Communications is key in any operation. Fortunately, today there is a lot of interest in communications, as well as a lot of affordable options in that realm. Entire Facebook groups and internet forums exist to discuss radios and their uses. To me, this is awesome.
However, one thing that I haven’t seen a lot of discussion on is actually putting the gear on the kit and how/why it gets mounted. I’m not saying the discussion doesn’t occur at all, just that what I’ve seen is mostly people showing pictures of radios mounted, but with no background on what led them to mount in that way. With that said, I’d like to give my thoughts on some mounting options for the Baofeng UV-5R/F8HP.
Up next in our series on pouches for the Baofeng UV-5R/BF-F8HP is the ITS Tactical 10-4 Radio Pouch. From the ITS Tactical website:
Our ITS 10-4 Radio Pouch™ is lightweight and skeletonized, offering rapid acquisition, ultimate retention and multiple mounting methods for Baofeng UV-5R style radios (transceivers) with extended batteries.
The 10-4 Radio Pouch™ doesn’t impede any functional operation of your Baofeng radio, leaving buttons and ports that are important during use, ready and available. While it’s possible that other radios on the market of similar size can be utilized with the 10-4, we can’t guarantee the fit. Please refer to the dimensions below for specifics.
Our patent-pending 4-Way Mounting System™ allows you to mount the 10-4 Radio Pouch™ vertically on a duty belt, vertically to MOLLE (PALS webbing), horizontally on a belt or even vertically on a backpack or chest rig strap. The mounting possibilities are truly limitless.
This revolutionary pouch features four built-in levels of retention, first using the interior opening elastic base to align the radio into place. Next, the adjustable shock cord locks in the radio while still allowing easy insertion and removal. Additionally, the integrated shock cord hook-strip facilitates faster operational access and stowage, providing temporary on-the-go closure retention. Lastly, the webbing pull-tab top closure provides the final retention strap for ultimate security.
The ITS 10-4 Radio Pouch™ features an integrated DoubleDuty™ retractor pocket, designed to hold either of the two optional (and available for sale separately) retractors. Acting as a dummy cord, either retractor prevents unintentional loss of your radio during removal and won’t leave unnecessary cordage hanging around.
Radio Compatibility Measurement – Approximately 6” Tall x Up To 2.5” Wide x Up To 1.5” Deep
Of the pouches I’ve tested so far, this one is by far the most versatile. Not only can you mount the pouch on your MOLLE gear, but you can mount it on your belt both vertically and horizontally, and you can use the attached One-Wrap to secure it on other objects, like backpack straps. As far as weight and durability, it come in between the heavy-duty Tactical Tailor pouch and the minimalist Beez Combat Systems pouch.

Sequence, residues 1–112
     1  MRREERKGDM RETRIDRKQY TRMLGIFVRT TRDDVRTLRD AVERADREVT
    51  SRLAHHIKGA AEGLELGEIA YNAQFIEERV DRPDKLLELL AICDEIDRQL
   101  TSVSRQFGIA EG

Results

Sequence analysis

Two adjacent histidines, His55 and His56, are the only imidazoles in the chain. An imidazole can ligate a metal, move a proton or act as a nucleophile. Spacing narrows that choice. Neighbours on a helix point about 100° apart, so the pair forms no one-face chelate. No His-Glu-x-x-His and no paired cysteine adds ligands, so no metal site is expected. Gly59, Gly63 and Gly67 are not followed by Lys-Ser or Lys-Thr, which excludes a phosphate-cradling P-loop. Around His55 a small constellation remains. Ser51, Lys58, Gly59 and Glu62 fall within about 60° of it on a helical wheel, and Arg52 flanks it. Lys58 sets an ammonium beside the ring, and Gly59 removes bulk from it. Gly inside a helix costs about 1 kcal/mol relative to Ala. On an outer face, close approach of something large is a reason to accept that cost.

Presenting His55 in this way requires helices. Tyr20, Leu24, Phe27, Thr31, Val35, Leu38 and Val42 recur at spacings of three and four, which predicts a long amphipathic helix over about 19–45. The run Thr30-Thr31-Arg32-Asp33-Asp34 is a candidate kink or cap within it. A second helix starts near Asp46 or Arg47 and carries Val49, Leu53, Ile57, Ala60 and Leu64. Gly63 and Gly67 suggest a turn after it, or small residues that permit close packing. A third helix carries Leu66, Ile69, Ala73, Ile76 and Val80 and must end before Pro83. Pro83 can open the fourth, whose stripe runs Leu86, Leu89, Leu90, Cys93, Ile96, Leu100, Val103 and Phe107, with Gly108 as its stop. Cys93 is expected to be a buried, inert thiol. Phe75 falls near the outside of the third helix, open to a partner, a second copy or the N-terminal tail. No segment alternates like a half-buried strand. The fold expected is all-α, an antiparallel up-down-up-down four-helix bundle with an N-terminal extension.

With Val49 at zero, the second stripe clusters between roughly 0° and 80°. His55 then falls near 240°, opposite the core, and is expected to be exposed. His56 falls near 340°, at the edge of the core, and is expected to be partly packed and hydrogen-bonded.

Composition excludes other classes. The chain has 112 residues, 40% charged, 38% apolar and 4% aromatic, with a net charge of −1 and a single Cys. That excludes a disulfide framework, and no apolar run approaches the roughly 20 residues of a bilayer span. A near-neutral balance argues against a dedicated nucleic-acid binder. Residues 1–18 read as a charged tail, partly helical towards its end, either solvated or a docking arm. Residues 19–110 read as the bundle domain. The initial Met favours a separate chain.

First, the versatility is easily the pouches largest positive. While the other pouches could probably be worn vertically on a belt as well as on MOLLE, the fact that this one can be worn four different ways is a major plus.
Second, the pouch has some solid initial retention on its own, but also has the ability to mount a secondary retention system (that ITS also sells here and here). This is definitely a cool feature, as it allows the radio to be removed from the pouch, but still retained.
Third, the pouch has a limiting feature that prevents it from opening past 90 degrees. This is nice because if you need to go hands off to work with accessories or work with navigation gear, etc., the radio’s display will still be in a visible position.
First, I love the fact that ITS offers the secondary lanyards. But, the fact that I have to pay $10 to $24 on top of the $39.99 pouch cost for the feature is a bit of a negative for me. I would prefer a simple bungee retainer like the Beez pouch included. As configured, the pouch will not retain the radio under physical exertion if the primary retention is disabled.
Second, like with the Beez pouch, there is no protection for the buttons on the side of the radio when it is mounted.
Third, you have to be a little careful when initially fitting the radio in the pouch, as it is a little oversized for the UV-5R and if you don’t pay attention, you could easily cover the display or keypad, or even accidentally lay the bungee cord across the push to talk.
Fourth, because of how the pouch was designed to make it more versatile, it is very sloppy when used in its MOLLE configuration. It does not sit tightly against the carrier and tends to flop from side to side under movement.
The strength of this pouch is in its versatility. To be honest, if I were an individual that intended to use a pouch solely in a MOLLE configuration, I would not purchase this one. However, if I needed a pouch to wear in any of the other configurations, I would take this pouch under serious consideration.
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